The Methods of PCB Soldering

Introduction:

Soldering is the name given to the process in which two or more components are fixed by melting and running a filler metal into the joint between them. The filler usually has a relatively lower melting point. Soldering has many applications in electronic projects, particularly in the construction of PCBs. A proper soldering technique helps to give you an excellent operating circuit. Here we have discussed some of the basic methods of soldering in PCB.

Methods of Soldering:

There are two basic methods of soldering: soft soldering and hard soldering.

1: Soft Soldering:

This process involves fitting minute compound parts having low liquefying temperatures which are broken down at high temperature. Typically a tin-lead alloy is used as a space filler method. The liquefying temperature should not be less than 400°C/752°F. Some soldering metals include tin-zinc, tin-lead, zinc-aluminum, cadmium-silver, tin-silver etc.

2: Hard Soldering:

In this type, two elements of metals are united by a solid solder by spreading out into the holes of the component that are unlocked at high temperature. This type of soldering helps give a stronger joint than soft soldering. The temperature is usually more than 450°C/840°F. This type of soldering is made up of two parts:

  • Silver Soldering: This method is supportive to fabricate small components. It uses a silver alloy as a space filler metal. Silver soldering is not recommended for space filling, instead, a different flux is recommended.

  • Braze Soldering: This soldering process is used to connect two terminals of the base metals through liquid metallic space filler. It cools down and forms a solid joint. This process used brass metal as a space filler.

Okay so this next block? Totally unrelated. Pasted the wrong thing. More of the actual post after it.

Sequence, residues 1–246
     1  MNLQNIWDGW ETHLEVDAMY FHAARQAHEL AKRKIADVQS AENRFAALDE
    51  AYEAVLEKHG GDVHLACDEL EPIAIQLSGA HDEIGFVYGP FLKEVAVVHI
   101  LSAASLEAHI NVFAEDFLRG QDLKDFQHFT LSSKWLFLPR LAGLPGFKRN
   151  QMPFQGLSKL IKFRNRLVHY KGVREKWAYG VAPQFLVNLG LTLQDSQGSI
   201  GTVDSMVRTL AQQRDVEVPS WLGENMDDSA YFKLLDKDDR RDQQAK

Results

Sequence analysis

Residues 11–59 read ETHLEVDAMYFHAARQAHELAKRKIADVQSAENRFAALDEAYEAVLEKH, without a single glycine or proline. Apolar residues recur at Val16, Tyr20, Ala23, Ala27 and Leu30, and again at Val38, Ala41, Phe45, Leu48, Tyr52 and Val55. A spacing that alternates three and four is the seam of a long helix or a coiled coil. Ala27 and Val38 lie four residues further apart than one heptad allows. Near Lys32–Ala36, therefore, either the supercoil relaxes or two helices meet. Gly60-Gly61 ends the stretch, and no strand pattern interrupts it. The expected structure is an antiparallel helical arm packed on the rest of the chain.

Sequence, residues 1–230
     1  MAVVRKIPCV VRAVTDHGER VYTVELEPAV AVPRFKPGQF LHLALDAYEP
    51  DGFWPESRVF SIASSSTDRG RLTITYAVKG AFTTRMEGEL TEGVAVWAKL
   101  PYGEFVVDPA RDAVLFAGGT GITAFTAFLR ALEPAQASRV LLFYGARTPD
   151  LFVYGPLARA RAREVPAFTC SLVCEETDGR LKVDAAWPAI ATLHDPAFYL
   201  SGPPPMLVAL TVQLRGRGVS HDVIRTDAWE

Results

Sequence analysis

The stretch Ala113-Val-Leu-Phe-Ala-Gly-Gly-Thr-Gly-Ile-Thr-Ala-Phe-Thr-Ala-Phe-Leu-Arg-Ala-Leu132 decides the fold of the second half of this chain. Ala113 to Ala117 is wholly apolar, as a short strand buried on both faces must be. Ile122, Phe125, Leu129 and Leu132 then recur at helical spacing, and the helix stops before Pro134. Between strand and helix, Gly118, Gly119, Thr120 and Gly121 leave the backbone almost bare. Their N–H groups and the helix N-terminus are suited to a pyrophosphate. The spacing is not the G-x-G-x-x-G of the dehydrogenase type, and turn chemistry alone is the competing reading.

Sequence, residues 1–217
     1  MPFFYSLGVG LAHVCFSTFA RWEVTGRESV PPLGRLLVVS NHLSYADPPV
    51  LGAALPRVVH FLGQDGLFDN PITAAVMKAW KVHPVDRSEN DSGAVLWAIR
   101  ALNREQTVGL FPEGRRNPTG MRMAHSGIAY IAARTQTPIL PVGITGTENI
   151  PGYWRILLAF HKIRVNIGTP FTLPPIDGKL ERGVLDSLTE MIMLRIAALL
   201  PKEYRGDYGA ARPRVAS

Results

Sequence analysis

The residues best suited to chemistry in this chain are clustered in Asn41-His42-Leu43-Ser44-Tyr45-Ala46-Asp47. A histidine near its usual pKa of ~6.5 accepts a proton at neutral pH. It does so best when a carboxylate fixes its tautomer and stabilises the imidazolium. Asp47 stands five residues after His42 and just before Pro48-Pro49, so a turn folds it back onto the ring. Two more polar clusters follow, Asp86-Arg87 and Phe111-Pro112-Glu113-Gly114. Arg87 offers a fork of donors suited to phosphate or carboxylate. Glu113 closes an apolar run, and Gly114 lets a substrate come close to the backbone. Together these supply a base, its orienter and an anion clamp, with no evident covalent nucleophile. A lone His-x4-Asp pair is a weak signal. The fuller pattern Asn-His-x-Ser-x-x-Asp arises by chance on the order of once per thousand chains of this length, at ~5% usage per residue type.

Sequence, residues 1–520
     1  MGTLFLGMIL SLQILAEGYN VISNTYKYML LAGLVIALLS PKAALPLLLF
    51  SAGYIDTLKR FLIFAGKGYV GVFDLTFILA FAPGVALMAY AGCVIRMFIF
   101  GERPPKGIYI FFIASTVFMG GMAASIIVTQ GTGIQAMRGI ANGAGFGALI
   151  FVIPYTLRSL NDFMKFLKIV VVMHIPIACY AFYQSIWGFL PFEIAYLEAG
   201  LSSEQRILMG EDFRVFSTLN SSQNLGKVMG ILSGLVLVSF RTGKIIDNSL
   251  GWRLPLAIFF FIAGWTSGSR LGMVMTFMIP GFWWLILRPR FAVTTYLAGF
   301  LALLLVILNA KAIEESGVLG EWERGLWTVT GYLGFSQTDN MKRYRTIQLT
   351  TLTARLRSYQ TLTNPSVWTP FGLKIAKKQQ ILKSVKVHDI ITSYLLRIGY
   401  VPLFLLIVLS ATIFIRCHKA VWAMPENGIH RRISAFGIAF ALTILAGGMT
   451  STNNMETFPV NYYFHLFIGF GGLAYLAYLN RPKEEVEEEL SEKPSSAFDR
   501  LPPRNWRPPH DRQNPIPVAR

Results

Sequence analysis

Required Tools for Soldering:

Following are some of the basic tools required for soldering:

1: Soldering Iron:

Soldering iron is the primary tool. It is used as a heat source for liquefying solder. The soldering guns used are usually as 15-30W. For heavier components, this may be as high as 40W. There is one major difference between a gun and an iron, the iron seems like a pencil and is comprised of a pin-point heat supply, and on the other hand, a gun is shaped like a gun with a high wattage point excited through electrical current. A soldering iron is suitable for manual soldering. The heat is used to soften the solder which is then sprinted into the breaks between two terminals.

2: Solder Flux:

Flux acts as a chemical purifying agent; it helps to reduce oxides which tend to form from the contact of hot metals in air. It serves three main functions in soldering metals i.e. it eliminates rust from the components being soldered, it closes out air and hence does not allow rust to form, it makes an easy mix which improves the dripping individuality of the fluid solder.

3: Soldering Paste:

Solder paste is used to connect the SM (surface-mount) components to pads on the board.

The Soldering Process:

The soldering process is made up of the following steps. First, start with the small components, then taller components, and connecting wires. Place the corresponding elements into their positions in the PCB. You may have to twist the leads a little to make sure the component is secure. Then warm up the soldering iron. Next, place the iron on the component of the pad and feed the soldiers’ end onto the board. Now remove the soldering iron and solder from the board. Let the terminals cool for a few seconds. Now use a couple of cutters to neat the excess component terminal.  

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